Of cow burps, beef, and methane. By Lou Bendrick on Livestock production, especially the intensive production that is the hallmark of factory farms, contributes to all of those other Author: Lou Bendrick.
3 Animal Agriculture 1. INTRODUCTION. Animal products are a primary source of protein and key nutrients in American diets (Bentley, ).In addition, livestock and poultry production account for approximately $ billion per year in agricultural cash receipts (USDA-ERS, a).In the United States, most food animal production (meat, fish, milk, and eggs) is accomplished through an intensive.
The goal of this study was to evaluate the effect of perennial forage-based cattle production systems on land-use and water quality in Southeastern Minnesota.
A scenario was developed where a fraction of the land area currently used for corn and soybean production was changed into use for pasture and by: 1. Pastured cattle are also friendlier to water resources, as we saw by the comparison in water use between mostly pastured cattle in Australia and mostly grain-fed cattle in the US.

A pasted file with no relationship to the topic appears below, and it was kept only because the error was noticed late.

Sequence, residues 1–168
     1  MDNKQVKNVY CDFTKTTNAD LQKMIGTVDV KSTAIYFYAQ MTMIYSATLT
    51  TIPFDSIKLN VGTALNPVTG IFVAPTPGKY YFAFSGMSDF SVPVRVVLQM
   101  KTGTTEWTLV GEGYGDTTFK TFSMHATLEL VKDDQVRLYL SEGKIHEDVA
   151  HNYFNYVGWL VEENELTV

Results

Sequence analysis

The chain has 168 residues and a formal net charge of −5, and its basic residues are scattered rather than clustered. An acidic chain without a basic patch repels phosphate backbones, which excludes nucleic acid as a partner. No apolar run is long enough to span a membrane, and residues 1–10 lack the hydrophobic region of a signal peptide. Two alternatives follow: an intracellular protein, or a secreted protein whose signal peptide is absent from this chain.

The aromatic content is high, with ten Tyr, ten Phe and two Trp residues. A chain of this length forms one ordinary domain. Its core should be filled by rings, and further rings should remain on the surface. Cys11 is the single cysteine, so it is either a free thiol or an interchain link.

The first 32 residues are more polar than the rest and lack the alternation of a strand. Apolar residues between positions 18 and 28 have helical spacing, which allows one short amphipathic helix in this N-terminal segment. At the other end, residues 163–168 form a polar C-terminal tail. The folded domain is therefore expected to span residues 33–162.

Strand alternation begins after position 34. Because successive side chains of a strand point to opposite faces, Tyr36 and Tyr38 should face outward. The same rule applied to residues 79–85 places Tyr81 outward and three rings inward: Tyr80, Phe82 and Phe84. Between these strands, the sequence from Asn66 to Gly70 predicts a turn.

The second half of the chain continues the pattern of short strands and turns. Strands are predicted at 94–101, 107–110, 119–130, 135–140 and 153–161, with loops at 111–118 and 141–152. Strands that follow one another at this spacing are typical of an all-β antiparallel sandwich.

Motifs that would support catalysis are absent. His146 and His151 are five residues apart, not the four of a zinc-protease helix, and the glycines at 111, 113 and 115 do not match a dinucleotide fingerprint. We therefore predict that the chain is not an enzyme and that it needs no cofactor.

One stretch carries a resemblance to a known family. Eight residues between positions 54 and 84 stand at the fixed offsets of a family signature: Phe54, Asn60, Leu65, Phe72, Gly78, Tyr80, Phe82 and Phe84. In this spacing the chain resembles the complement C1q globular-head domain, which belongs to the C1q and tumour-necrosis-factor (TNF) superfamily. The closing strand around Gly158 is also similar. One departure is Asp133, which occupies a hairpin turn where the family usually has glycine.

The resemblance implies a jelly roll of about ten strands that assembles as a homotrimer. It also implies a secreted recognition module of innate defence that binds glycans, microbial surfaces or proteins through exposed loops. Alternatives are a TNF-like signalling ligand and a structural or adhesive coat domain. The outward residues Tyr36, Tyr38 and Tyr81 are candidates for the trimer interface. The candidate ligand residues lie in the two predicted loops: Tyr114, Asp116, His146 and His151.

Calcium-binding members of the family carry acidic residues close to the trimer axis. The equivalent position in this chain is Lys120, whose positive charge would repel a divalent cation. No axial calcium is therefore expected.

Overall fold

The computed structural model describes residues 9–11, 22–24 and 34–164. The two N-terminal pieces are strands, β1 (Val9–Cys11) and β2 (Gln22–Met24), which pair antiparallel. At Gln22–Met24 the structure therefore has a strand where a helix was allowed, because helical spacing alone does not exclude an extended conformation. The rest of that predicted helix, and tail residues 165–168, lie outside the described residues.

Further, it’s important to consider the other environmental hazards of feedlots, including pollution from manure, antibiotics, and pesticides. Environmental Issues Affecting Water Quality Agricultural production requires a large amount of water.
In North America, 80% of the water used is for irrigation. Irrigation methods differ according to each growing region and the amount of rainfall the area receives.
In the. Gross annual economic impacts in ranged from $80, to $, Privately owned custom feedyards are being built in a response to increased education and public funds for improving water quality with reduced manure runoff. Our annual report of the chlorosis resistance of about soybean varieties has become an essential part of.U-Pick Farms and Farm Markets: COVID Resources from Penn State Extension Pick-your-own strawberries and the farm market season is either upon us or coming up fast.
High customer turnout has been common in locations where produce is already available.More than 36 percent of the fed beef produced annually in the United States comes from a concentration of feedlot operations from Southwest Kansas through the Texas High Plains.
This publication explains the impact of the beef industry on the water supplies and economy of the Southern Ogallala Region.